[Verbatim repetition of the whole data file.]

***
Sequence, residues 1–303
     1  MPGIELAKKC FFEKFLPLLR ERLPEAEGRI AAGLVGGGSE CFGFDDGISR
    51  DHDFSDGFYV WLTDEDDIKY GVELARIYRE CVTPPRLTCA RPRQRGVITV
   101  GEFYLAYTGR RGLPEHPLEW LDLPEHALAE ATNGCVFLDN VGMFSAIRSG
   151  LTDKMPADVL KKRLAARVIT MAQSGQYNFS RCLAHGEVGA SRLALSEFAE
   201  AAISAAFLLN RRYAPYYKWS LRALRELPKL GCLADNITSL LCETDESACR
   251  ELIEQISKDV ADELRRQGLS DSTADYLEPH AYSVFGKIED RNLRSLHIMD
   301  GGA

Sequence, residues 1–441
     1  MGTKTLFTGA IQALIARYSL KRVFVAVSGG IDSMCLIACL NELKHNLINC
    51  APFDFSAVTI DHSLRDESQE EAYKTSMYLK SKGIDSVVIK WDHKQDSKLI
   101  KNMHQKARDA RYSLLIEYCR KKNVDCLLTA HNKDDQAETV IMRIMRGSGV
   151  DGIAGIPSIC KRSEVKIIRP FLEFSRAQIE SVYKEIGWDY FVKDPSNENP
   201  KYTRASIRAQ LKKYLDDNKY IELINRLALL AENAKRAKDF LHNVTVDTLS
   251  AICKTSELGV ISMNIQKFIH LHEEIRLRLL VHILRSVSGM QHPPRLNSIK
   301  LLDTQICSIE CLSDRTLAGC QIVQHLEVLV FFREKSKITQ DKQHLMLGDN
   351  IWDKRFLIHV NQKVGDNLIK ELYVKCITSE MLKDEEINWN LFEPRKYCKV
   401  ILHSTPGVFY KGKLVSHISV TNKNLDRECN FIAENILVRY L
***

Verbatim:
Sequence, residues 1–303
     1  MPGIELAKKC FFEKFLPLLR ERLPEAEGRI AAGLVGGGSE CFGFDDGISR
    51  DHDFSDGFYV WLTDEDDIKY GVELARIYRE CVTPPRLTCA RPRQRGVITV
   101  GEFYLAYTGR RGLPEHPLEW LDLPEHALAE ATNGCVFLDN VGMFSAIRSG
   151  LTDKMPADVL KKRLAARVIT MAQSGQYNFS RCLAHGEVGA SRLALSEFAE
   201  AAISAAFLLN RRYAPYYKWS LRALRELPKL GCLADNITSL LCETDESACR
   251  ELIEQISKDV ADELRRQGLS DSTADYLEPH AYSVFGKIED RNLRSLHIMD
   301  GGA

Sequence, residues 1–441
     1  MGTKTLFTGA IQALIARYSL KRVFVAVSGG IDSMCLIACL NELKHNLINC
    51  APFDFSAVTI DHSLRDESQE EAYKTSMYLK SKGIDSVVIK WDHKQDSKLI
   101  KNMHQKARDA RYSLLIEYCR KKNVDCLLTA HNKDDQAETV IMRIMRGSGV
   151  DGIAGIPSIC KRSEVKIIRP FLEFSRAQIE SVYKEIGWDY FVKDPSNENP
   201  KYTRASIRAQ LKKYLDDNKY IELINRLALL AENAKRAKDF LHNVTVDTLS
   251  AICKTSELGV ISMNIQKFIH LHEEIRLRLL VHILRSVSGM QHPPRLNSIK
   301  LLDTQICSIE CLSDRTLAGC QIVQHLEVLV FFREKSKITQ DKQHLMLGDN
   351  IWDKRFLIHV NQKVGDNLIK ELYVKCITSE MLKDEEINWN LFEPRKYCKV
   401  ILHSTPGVFY KGKLVSHISV TNKNLDRECN FIAENILVRY L